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Some Thoughts On Salt – The Other White Powder

 

 

by Susan Fekety, RN, MSN, CNM

 

 

The FDA recently reconsidered how much salt is okay for our food. (Odd that an edible substance which is "generally recognized as safe" would get this attention, isn't it?) Many of my patients limit their salt intake, or wonder whether they should. Time to update my understanding and refine my talking points.

Salt has been precious throughout history because it is a natural preservative, keeping meats and vegetables edible for months beyond the slimy-stinky-rotten stage. Before Hannaford's, this was really important. (Do read Mark Kurlansky's wonderfully salient book on the history of salt, if you like books.) The popular notion that reduced salt intake will keep you from dying of a stroke is not as much of an "Earth is round" issue as you might think, although consuming excessive sodium does mess up your fluid balance, increasing your heart's work of pumping and your kidneys' work of filtering. Some people are very sensitive to salt, others are not; if you swell up like a toad after eating movie popcorn, or can't zip your jeans before your period, you would be sensitive and it might well matter for you. Furthermore, it may be inappropriate to make the leap from "If you have high blood pressure, reduce salt" to "Keep your blood pressure normal by reducing salt." The first statement is only true for about half the people with hypertension and nobody knows why. The second statement is unproven. Authorities recommend an maximum of 2300 mg a day (about a teaspoonful); many Americans consume several times that much, mostly in prepared and processed foods. Let's keep this in perspective: sodium is only one of the reasons why you don't want to eat food like that, right?

The sodium naturally present in food is generally not a problem. It's the stuff added at the factory that will pickle you. If you've got an evening to kill, roam the supermarket or poke through your pantry and read some labels. The big numbers are on those convenient foods with a shelf life in excess of your life expectancy – like those "just add water" cups of soup, or "healthy" frozen entrées. Notice also that many foods that taste salty really aren't so bad if consumed in reasonable portions like, not the whole bag. Saltiness does not indicate sodium content.

Alternatives? Try some lovely sea salt – it's lower in sodium than that stuff in the blue can and also contains other minerals – without those weird aluminum-based "anticaking agents." Sea salt sticks better to food so you can use less. Get festive with fresh and dried herbs, exotic aromatic spices, citrus juices, vinegar, onions and garlic. Skip the potassium-based salt substitutes unless they have specifically been recommended for you by a health provider.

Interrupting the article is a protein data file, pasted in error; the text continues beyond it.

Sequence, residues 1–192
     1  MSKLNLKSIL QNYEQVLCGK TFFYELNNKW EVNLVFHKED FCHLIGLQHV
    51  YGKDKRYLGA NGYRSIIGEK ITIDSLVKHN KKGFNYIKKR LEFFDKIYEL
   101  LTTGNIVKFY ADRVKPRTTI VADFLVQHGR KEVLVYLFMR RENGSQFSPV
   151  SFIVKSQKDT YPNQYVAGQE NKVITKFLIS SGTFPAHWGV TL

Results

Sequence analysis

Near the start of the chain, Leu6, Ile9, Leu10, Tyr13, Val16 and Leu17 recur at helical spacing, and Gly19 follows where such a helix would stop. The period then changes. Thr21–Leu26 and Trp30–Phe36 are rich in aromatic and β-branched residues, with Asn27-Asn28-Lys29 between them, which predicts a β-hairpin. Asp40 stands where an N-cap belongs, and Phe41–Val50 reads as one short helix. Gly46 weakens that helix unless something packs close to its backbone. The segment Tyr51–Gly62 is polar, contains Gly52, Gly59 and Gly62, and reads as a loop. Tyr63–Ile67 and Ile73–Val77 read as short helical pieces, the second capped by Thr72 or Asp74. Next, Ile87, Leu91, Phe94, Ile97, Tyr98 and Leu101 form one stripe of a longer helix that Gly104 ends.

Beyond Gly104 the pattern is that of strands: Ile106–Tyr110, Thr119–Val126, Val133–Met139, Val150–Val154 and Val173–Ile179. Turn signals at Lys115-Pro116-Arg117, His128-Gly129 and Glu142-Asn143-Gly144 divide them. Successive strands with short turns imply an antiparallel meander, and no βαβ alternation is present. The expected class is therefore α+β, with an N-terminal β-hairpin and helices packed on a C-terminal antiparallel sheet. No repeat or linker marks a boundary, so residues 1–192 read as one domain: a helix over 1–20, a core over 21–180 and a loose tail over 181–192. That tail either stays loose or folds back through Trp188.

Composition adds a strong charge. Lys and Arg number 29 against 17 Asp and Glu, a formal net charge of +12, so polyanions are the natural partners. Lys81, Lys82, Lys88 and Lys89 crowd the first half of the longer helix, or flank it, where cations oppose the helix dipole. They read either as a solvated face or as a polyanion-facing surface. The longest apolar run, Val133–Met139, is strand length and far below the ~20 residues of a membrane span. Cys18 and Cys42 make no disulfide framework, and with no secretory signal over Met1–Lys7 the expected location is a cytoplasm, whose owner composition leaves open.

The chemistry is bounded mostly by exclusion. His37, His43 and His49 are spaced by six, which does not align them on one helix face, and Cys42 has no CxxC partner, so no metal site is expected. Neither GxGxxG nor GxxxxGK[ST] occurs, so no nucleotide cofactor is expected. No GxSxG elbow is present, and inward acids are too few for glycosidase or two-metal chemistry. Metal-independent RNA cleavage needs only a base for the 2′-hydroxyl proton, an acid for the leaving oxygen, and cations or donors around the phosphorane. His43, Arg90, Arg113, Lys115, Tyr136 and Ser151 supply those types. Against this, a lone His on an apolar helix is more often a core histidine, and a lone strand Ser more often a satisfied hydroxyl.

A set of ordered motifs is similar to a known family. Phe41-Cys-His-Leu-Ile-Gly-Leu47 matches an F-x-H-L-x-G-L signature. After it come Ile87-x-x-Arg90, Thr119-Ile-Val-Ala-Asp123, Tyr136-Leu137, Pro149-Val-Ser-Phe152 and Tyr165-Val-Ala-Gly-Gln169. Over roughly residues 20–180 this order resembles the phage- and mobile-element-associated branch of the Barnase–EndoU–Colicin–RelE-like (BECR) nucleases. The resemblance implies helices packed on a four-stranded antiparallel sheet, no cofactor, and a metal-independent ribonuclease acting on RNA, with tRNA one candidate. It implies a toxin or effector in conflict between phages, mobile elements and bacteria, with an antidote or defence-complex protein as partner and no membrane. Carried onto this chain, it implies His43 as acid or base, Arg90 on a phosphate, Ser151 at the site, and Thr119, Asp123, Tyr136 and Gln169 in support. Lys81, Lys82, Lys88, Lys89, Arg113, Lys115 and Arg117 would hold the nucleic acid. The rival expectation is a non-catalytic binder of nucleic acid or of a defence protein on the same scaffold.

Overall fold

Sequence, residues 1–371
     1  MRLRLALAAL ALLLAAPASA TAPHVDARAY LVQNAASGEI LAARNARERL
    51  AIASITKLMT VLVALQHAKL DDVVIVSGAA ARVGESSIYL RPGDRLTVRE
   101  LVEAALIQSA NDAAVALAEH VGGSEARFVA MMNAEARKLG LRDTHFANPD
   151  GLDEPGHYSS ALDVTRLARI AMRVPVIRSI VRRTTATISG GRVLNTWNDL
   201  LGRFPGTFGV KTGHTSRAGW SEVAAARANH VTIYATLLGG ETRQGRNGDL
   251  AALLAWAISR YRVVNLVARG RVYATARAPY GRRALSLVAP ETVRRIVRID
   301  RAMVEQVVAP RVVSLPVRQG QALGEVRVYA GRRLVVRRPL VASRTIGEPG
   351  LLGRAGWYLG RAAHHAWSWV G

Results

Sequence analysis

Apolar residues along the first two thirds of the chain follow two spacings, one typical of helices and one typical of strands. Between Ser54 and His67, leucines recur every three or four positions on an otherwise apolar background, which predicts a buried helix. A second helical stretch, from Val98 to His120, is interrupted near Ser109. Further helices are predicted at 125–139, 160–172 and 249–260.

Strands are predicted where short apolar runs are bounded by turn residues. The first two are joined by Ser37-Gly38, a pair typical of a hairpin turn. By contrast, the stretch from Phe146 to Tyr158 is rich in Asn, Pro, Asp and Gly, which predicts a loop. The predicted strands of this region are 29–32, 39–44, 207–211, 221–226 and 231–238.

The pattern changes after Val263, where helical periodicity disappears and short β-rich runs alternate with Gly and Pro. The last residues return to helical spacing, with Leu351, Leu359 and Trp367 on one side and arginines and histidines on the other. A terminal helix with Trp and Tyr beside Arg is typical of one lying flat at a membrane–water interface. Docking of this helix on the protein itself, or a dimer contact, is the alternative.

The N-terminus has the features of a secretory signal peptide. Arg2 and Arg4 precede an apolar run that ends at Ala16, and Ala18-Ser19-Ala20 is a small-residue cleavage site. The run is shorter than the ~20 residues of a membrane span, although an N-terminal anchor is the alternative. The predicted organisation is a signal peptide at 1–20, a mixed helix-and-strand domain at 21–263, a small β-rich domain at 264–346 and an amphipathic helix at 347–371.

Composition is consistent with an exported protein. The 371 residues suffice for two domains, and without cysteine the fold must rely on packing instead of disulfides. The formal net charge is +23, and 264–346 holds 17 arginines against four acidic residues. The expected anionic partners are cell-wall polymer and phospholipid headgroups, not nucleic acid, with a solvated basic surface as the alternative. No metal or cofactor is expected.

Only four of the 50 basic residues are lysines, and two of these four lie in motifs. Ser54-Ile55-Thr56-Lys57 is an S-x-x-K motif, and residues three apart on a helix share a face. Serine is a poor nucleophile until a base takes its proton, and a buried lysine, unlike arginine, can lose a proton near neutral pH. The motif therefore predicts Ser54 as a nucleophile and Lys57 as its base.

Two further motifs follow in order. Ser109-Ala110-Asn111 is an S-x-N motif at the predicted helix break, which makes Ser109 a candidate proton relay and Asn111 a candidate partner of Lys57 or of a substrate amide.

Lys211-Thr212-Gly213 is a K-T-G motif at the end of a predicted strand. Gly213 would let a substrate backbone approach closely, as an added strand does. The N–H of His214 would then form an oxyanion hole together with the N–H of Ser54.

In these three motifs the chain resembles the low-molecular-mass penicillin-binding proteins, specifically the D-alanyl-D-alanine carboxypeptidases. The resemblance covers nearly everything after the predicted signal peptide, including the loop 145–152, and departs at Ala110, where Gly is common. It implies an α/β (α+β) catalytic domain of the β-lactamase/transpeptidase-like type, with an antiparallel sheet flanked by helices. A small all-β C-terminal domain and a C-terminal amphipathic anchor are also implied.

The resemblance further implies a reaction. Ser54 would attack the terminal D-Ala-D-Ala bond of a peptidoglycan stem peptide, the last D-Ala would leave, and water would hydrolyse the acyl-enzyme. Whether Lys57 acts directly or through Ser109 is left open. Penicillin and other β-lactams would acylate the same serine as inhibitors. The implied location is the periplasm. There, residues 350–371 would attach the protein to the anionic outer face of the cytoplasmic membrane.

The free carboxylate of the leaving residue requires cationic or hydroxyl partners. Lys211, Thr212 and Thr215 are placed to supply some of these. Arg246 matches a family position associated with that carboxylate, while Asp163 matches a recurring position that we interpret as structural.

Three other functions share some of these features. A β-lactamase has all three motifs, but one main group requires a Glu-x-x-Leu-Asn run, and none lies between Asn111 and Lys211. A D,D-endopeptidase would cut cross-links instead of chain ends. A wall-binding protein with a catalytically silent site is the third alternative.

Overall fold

Perhaps most importantly, remember that your body keeps a tight balance between the electrolytes sodium and potassium, minerals that conduct electricity and are necessary to things like keeping your cells from bursting and keeping your heart beating and your nerves sending messages. Please emphasize potassium intake while you explore sodium. What has potassium? Fruits and vegetables (you knew I'd get it in there, didn't you?) -- and not just bananas by a long shot. I wonder whether it's a high-sodium diet that dings us or the low-potassium one that often accompanies it. Anyway, eat your veggies, especially if you do Bikram yoga and leave your electrolytes in a puddle on the floor.

 

   

 

Article © Copyright 2008 by Susan Fekety. All rights reserved worldwide. Duplication or reprints only with express permission of the author or, for a nonprofit purpose, without consent so long as the author's name and contact information are included as follows: "Reproduced with permission from Susan Fekety, http://www.susanfekety.com." These articles are provided for informational purposes only. Their content is not meant to substitute for the advice provided by your own health care professional. You should not use the information contained herein for diagnosing or treating a health problem or disease, or prescribing any medication. If you have or suspect you have a medical problem promptly contact your health care provider.

 

   

 

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